A Review by Noah Antwiler
Lately, the movies i've been watching have asked rather inane questions, like "What if there were ghosts in your mobile phone?" "What if there was a ghost in your television?" "What if the majority of Americans were sick and disturbed enough to put a Jennifer Lopez movie at #1 in the box office?"
It turns out that they are.
White Noise asks the question "What if there was a ghost in my radio?" It's based around an actual occult phenomenon known as EVP, where it's believed that the paranormal world can interact in a limited way with untuned electronic devices. In this way, people claim, ghosts can pass on messages to you through static. The entire thing is horseshit, but I don't deny that the whole thing is in theory, creepy, and the previews for the movie were a good hook, by showcasing nothing more than the phenomenon itself.
Michael Keaton plays humble architect Jonathan Rivers, a man who owns a veritable palace of a house. I'm ignorant of how much architects really make, but I'm assuming his successful author wife was more responsible for paying for Wayne Manor, here. Anyway, the police find the wife's body in the river, and Rivers has to cope with the loss of his wife. That is, until she starts contacting him through his telephone and spooking the fudge out of him on his radio.
Rivers meets fellow EVP believer Mr. Price, and is introduced into the world of electronic voice phenomenon, which consists mainly of staring blankly at the snow of a television tuned to channel 502,401, taping it, and watching it until your eyes melt from your head.
Rivers has a lot of success contacting the spirit world, and soon he's receiving messages from his wife, and many other spirits who say rather cryptic and inane things like "Susie Tomlinson, smile!" and "Sarah, yes!" I'm not really an expert on the paranormal, but don't you think that if there is an afterlife, the spirits of the dead have slightly better things to do that jerk around in your house trying to communicate with you through the static of your radio while you're trying to listen to the Howard Stern show, saying incomprehensibly stupid things over and over again? I rather prefer to think that the dead are either playing shuffleboard with the Big Bopper, or watching Hillary Duff in the shower.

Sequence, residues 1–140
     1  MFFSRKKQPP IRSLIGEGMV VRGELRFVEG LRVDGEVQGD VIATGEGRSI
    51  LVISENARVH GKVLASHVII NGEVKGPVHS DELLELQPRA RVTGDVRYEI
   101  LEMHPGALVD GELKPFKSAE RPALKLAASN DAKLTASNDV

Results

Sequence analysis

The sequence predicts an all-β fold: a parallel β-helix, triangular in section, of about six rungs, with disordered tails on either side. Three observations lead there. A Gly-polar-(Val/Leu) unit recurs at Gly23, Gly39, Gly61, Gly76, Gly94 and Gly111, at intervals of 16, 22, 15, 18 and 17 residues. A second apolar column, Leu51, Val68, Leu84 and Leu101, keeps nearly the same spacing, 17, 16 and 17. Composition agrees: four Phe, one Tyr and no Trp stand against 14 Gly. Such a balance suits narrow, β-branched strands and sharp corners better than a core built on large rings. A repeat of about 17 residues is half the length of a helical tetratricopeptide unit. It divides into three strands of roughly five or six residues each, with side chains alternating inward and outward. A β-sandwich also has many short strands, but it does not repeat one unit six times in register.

If I ever die, I'm gonna try to haunt people by burning strange messages into people's break through their toasters. Or maybe I'll just spook you the normal way. I have a lot of things I could say, I just have to decide what route to take: the helpful ("Masturbation is a way bigger sin than you think up there."), the derrogatory ("egomann loves the cock in his mouth"), the frustrating ("The correct religion is *KCCCCCHHHHHH*"), the referential-to-a-movie ("My god, it's full of stars!"), the confusing ("Pancakes!"), the annoying ("Get closer... closer... closer... AAAAAUUUUUGGGGHHHH!!!!"), or the outright insane ("Spandex, Stalin, Purple Oompa-Loompa, I need scissors!").
The scares in this movie are mostly cheap, but I didn't even mind that so much here, because the notion of EVP is that it's meant to be very sudden and surprising. Still, there's a real dearth of excitement and scares here. Keaton does a great job, and I can't really fault anyone's acting here. Where it gets interesting is when he starts getting messages from overtly threatening ghosts who say things like "She's OURS now." and "BASTARD!! BASTARD! EAT THIS, PIG!" It's a rather interesting direction on the story, where we think most ghosts who stick around are here to say generally nice things, but there are some who are still terribly pissed-off beyond the grave.
But is it enough to make a movie? Not really. It's just not nearly as scary as it thinks it is, because as spooky as the voices might want to be, they can't REALLY hurt you. The movie has to make up B.S. ways for the ghosts to be able to cross over, and that's when the movie loses what little credibility it had. The ending is utterly ridiculous, and isn't even so much of a twist ending but more of a half-thought-out idea that someone should have shot down long ago.
It would have been better if White Noise were simply a straight up documentary on "actual" EVP phenomenon. Hell, you could have made it as fake as you wanted, but it's just not enough to act as a clothesline for a ghost thriller plot. The phenomenon itself is the real scary factor here. If the ghosts have something to say, I'd rather hear an undramatized version of what they're talking about.